Ian Kennedy jumped in to the digital revolution with both feet, one of the first to purchase an expensive Nikon D100 digital SLR. Now he has traded it for "an all-manual 35mm rangefinder with a 50mm prime lens." In this web page he explains why:
After a year and thousands of pictures, I decided that a DSLR, with all of its wonders, had an insidiously negative impact on the way I take photos. Because I was no longer worried about the amount of film that I was using, I frequently took three or more shots of the same subject and, to my shame, occasionally "chimped" those images as I took them.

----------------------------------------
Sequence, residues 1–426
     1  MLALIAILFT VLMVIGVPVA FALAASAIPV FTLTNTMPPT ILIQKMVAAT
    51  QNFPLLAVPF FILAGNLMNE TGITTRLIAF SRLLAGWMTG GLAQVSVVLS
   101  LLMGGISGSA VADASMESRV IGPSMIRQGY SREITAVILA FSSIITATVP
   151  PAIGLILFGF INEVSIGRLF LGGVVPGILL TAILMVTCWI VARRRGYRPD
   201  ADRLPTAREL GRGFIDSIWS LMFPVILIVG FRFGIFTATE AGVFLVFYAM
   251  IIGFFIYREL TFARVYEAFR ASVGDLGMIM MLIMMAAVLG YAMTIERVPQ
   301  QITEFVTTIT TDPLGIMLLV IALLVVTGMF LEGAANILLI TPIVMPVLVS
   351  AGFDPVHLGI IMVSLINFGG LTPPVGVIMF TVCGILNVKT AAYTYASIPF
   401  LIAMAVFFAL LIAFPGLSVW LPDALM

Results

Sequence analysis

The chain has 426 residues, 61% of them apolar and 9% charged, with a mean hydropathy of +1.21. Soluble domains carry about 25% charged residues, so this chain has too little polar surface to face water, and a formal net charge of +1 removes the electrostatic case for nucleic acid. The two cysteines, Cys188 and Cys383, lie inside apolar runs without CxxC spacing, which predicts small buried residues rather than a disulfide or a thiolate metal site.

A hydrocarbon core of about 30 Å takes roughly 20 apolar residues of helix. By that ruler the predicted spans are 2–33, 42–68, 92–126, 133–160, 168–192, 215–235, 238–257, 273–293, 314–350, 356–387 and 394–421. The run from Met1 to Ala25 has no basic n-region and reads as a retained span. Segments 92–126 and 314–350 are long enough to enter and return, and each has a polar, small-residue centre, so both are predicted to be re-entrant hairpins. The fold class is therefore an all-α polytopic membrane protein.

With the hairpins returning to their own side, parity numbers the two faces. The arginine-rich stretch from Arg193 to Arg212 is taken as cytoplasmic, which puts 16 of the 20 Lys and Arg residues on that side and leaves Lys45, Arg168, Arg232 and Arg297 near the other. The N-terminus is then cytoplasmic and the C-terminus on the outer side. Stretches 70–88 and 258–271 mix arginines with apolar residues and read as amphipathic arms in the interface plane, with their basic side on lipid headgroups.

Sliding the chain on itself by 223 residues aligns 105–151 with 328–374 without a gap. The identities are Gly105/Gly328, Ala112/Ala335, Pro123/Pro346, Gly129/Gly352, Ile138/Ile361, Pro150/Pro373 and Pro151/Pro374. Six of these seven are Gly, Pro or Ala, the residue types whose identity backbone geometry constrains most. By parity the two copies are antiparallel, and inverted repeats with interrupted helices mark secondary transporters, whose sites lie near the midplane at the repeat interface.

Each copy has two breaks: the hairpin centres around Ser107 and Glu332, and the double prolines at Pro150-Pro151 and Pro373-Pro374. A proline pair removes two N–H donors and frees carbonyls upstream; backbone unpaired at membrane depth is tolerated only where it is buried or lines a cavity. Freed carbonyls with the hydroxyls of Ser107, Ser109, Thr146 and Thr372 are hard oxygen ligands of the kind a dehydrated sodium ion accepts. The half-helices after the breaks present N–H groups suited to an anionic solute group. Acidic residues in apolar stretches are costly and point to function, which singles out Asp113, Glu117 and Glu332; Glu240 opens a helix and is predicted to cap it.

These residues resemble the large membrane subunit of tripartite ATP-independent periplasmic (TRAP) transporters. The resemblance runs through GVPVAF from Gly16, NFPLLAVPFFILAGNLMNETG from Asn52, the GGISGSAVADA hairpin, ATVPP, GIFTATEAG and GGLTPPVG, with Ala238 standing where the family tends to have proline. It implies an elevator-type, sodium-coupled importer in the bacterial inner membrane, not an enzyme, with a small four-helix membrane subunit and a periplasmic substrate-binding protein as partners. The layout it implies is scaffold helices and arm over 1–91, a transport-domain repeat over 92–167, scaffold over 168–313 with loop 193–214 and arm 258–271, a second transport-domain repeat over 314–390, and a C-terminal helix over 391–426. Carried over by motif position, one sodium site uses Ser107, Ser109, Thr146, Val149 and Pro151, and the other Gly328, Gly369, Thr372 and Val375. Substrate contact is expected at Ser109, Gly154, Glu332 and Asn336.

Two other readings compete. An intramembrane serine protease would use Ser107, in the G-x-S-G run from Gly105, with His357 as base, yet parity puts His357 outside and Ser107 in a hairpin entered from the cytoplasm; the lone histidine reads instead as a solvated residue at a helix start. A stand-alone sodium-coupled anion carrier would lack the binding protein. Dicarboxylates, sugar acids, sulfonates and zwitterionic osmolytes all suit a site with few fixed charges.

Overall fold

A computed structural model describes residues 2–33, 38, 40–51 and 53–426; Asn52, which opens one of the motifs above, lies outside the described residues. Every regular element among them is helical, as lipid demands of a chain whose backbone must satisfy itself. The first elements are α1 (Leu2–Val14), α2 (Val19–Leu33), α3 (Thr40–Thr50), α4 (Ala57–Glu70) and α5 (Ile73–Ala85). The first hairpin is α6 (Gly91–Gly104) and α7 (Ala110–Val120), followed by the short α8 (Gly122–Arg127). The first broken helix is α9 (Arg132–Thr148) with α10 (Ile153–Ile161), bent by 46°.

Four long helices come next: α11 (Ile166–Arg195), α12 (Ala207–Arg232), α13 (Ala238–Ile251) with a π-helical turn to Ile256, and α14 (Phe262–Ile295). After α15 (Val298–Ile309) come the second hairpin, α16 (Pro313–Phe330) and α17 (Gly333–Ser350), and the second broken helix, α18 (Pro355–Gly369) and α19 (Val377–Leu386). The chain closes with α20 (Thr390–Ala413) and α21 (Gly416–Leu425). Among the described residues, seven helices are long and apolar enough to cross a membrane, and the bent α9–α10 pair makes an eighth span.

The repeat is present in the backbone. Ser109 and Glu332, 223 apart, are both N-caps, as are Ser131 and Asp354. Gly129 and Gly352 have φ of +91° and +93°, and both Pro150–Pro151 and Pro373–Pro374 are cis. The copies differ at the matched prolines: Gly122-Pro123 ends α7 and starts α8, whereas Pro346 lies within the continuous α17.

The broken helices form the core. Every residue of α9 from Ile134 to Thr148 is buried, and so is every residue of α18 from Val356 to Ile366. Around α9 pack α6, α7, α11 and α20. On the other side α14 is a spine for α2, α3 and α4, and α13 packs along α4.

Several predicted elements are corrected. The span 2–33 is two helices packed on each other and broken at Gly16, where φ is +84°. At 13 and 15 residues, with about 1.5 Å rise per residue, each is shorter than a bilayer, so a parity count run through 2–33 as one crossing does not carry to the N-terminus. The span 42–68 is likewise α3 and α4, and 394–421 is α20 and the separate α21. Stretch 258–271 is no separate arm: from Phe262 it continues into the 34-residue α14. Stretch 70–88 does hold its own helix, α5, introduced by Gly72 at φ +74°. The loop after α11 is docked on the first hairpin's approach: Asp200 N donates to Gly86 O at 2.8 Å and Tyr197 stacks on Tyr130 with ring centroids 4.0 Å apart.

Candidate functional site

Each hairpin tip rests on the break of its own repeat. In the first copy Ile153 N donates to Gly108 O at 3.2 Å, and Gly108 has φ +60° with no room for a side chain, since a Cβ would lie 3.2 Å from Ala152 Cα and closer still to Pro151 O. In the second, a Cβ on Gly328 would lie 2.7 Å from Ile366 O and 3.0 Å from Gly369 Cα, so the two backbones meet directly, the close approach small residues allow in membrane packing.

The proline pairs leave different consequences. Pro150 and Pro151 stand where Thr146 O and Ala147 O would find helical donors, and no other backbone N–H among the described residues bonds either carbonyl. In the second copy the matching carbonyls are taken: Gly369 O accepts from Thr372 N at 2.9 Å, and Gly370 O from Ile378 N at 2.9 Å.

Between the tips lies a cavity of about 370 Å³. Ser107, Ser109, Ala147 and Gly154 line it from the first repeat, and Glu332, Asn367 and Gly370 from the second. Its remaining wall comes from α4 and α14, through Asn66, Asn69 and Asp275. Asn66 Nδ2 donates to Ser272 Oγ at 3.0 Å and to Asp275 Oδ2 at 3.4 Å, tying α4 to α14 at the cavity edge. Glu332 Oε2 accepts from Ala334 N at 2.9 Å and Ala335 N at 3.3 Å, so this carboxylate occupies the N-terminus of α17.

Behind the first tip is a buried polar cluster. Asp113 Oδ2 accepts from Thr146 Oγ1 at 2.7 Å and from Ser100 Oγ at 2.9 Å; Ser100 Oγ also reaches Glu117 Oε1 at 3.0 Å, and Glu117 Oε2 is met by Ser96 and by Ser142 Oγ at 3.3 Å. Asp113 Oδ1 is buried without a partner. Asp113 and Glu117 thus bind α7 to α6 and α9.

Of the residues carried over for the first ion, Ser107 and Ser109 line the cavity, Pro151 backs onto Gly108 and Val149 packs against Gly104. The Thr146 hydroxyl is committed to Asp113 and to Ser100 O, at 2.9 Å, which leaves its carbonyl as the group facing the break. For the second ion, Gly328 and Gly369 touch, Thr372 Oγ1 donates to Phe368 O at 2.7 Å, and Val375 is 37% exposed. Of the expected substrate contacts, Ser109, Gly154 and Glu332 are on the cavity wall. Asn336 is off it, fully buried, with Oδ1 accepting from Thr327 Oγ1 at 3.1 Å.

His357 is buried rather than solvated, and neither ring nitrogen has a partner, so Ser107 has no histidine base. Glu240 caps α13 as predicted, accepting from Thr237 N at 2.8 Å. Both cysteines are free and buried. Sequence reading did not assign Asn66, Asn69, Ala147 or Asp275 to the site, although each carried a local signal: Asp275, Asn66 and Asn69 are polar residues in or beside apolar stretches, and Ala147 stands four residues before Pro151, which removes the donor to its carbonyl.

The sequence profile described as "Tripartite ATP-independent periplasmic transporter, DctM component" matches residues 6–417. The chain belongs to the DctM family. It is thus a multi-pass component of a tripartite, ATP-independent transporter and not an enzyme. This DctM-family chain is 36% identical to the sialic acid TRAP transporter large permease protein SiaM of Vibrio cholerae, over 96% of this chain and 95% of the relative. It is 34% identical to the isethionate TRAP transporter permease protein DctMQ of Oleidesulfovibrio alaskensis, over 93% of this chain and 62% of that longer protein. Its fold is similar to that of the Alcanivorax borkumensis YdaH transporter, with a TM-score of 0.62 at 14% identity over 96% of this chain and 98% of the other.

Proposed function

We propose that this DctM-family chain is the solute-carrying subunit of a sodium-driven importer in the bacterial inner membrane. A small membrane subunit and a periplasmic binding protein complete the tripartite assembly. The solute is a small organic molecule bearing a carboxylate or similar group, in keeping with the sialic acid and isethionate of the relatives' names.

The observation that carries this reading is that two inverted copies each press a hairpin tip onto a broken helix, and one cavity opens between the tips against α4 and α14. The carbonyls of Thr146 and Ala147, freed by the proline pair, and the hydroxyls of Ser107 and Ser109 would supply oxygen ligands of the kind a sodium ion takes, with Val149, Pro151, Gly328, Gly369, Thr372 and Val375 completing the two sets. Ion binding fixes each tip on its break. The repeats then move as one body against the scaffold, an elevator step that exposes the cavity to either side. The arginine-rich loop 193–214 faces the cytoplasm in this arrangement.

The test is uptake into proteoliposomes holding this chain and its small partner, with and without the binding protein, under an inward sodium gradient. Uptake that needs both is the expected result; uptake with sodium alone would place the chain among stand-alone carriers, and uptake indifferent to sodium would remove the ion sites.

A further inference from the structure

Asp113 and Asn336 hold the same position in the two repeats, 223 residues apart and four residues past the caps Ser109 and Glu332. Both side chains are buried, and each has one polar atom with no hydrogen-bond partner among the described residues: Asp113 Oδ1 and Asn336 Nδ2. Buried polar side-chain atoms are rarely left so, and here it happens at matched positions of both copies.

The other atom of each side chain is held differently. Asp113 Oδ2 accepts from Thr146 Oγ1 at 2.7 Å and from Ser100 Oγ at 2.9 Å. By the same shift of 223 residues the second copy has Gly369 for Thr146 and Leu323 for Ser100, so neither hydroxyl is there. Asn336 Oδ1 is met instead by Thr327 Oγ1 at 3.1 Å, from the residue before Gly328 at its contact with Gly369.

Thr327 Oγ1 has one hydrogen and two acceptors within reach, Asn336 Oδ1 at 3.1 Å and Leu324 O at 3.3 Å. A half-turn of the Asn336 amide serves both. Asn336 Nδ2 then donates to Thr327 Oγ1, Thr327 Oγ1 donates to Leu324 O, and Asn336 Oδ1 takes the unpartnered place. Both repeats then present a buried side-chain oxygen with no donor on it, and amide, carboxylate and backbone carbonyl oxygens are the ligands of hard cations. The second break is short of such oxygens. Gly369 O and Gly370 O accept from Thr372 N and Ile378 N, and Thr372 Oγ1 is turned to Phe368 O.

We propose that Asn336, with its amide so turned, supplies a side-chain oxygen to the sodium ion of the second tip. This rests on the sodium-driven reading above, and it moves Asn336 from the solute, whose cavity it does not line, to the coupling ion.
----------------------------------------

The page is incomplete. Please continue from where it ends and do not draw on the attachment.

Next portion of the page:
Now, don't misunderstand me, digital photography is great for commercial work. I shot four weddings and a couple of piecemeal freelance gigs with the D100, and, honestly, if I was to shoot another wedding, especially one for just any client, I would want to do it digitally. Shooting digitally frees the photographer from the concern that the shot has been missed. But, with that said, it also discounts the thought and craft, even the happy accidents of photography. I realized I had been relying on digital for what it too easily becomes: a crutch.